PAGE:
Massive Point Clouds for eSciences

Using point clouds to their full potential
Image: Fugro

We are witnessing an increased significance of point clouds for societal and scientific applications, such as in smart cities, 3D urban modeling, flood modeling, dike monitoring, forest mapping, and digital object preservation in history and art. Modern Big Data acquisition technologies, such as laser scanning from airborne, mobile, or static platforms, dense image matching from photos, or multi-beam echo-sounding, have the potential to generate point clouds with billions (or even trillions) of elevation/depth points. One example is the height map of the Netherlands (the  AHN2 dataset), which consists of no less than 640.000.000.000 height values.

The main problem with these point clouds is that they are simply too big (several terabytes) to be handled efficiently by common ICT infrastructures. At this moment researchers are unable to use this point cloud Big Data to its full potential because of a lack of tools for data management, dissemination, processing, and visualization.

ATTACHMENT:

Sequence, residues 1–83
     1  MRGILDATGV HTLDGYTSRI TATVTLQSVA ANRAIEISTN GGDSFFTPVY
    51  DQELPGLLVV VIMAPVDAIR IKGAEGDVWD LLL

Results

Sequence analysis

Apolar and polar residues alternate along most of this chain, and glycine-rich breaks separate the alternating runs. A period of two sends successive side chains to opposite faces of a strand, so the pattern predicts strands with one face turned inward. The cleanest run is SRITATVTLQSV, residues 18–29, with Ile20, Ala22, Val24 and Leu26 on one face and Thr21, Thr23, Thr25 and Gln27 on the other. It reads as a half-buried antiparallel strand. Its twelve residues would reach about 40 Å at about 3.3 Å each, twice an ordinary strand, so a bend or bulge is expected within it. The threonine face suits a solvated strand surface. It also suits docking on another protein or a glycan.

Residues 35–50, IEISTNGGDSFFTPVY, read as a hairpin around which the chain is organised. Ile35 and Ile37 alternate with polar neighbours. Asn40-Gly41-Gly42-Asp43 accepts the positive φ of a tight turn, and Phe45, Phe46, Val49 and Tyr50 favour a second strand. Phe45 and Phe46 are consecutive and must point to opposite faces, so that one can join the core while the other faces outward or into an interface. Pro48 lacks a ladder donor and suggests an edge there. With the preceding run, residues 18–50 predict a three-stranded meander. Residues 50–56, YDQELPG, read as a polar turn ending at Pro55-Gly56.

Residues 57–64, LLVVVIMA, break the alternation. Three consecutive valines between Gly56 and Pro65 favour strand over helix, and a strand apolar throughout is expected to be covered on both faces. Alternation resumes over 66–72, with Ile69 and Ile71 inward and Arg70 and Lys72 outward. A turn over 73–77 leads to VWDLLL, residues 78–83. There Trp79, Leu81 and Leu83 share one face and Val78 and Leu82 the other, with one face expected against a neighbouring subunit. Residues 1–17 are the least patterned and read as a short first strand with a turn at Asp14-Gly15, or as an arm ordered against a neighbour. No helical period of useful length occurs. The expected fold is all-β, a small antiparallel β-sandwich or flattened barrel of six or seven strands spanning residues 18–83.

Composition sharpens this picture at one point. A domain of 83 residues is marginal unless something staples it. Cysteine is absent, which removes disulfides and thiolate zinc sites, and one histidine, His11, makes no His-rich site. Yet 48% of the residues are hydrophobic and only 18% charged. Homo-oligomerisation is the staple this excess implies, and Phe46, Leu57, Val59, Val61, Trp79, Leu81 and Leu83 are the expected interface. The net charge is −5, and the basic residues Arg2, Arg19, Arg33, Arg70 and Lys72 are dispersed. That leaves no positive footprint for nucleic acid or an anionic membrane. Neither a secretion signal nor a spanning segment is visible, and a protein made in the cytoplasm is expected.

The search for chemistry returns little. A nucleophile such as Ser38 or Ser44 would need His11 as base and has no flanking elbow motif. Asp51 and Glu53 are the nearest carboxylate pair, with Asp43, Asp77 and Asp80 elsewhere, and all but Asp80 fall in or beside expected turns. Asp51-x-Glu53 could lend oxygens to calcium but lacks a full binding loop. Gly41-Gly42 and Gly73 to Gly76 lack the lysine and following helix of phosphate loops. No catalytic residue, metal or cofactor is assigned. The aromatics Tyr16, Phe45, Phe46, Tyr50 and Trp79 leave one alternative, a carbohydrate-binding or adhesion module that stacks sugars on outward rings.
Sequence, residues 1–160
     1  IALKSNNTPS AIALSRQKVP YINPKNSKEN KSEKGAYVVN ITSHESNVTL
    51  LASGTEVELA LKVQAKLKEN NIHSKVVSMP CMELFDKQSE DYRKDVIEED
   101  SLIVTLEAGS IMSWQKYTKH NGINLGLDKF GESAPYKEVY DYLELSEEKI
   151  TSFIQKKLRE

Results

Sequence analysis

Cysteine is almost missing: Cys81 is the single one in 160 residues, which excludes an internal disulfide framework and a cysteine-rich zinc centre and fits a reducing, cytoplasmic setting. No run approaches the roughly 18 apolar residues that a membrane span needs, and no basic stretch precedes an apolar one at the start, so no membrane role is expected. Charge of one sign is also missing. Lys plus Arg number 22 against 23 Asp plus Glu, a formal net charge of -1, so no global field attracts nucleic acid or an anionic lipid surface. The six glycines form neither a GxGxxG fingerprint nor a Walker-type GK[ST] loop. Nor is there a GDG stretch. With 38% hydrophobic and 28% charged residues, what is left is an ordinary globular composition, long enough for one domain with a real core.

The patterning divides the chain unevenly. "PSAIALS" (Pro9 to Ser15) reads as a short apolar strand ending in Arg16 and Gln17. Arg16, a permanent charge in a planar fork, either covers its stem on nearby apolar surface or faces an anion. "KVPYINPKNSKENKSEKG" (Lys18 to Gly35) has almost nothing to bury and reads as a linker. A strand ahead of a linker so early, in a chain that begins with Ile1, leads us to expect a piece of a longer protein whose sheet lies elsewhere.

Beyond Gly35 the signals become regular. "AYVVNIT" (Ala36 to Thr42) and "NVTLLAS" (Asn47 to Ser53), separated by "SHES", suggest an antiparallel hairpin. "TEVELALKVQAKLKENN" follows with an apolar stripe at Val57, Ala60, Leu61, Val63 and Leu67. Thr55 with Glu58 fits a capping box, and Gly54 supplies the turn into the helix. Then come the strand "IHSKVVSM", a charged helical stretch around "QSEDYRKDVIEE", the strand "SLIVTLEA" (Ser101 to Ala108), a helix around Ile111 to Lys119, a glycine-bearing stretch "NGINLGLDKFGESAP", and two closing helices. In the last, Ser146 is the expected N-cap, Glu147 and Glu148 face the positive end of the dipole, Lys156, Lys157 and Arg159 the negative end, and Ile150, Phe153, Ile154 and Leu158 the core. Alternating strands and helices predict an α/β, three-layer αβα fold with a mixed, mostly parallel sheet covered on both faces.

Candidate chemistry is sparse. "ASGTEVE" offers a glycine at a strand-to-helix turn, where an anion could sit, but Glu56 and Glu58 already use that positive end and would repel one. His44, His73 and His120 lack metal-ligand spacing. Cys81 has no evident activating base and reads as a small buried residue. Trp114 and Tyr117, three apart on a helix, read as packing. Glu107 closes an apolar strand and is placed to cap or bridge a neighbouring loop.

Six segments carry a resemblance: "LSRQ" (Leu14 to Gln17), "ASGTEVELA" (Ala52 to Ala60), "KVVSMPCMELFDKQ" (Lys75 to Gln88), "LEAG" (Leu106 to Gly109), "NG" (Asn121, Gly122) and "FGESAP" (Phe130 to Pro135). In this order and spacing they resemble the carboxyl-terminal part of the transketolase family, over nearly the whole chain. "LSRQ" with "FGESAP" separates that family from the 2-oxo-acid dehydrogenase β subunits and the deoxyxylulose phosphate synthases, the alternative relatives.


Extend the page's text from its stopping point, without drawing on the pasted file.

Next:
Within this project several novel and innovative eScience techniques will be developed. Our work will also result in proposals for new standards to the Open Geospatial Consortium (OGC) and/or the International Organisation for Standardisation/Technical Committee 211:

Enjoy our AHN2-webviewer at

The goal is a scalable (more data and users without architectural change) and generic solution: keep all current standard object-relational database management system (DBMS) and integrate with existing spatial vector and raster data functionality. Core support for point cloud data types in the DBMS is needed, besides the existing vector and raster data types. Furthermore, a new and specific web-services protocol for point cloud data is investigated, supporting progressive transfer based on multi-resolution. Based on user requirements analysis a point cloud benchmark is specified. Oracle, PostgreSQL, MonetDB and file based solutions are analyzed and compared. After identifying weaknesses in existing DBMSs, R&D activities will be conducted in order to realize improved solutions, in close cooperation with the various DBMS developers. The non-academic partners in this project (Rijkswaterstaat, Fugro and Oracle) will deliver their services and expertise and provide access to data and software (development).


  • Peter van Oosterom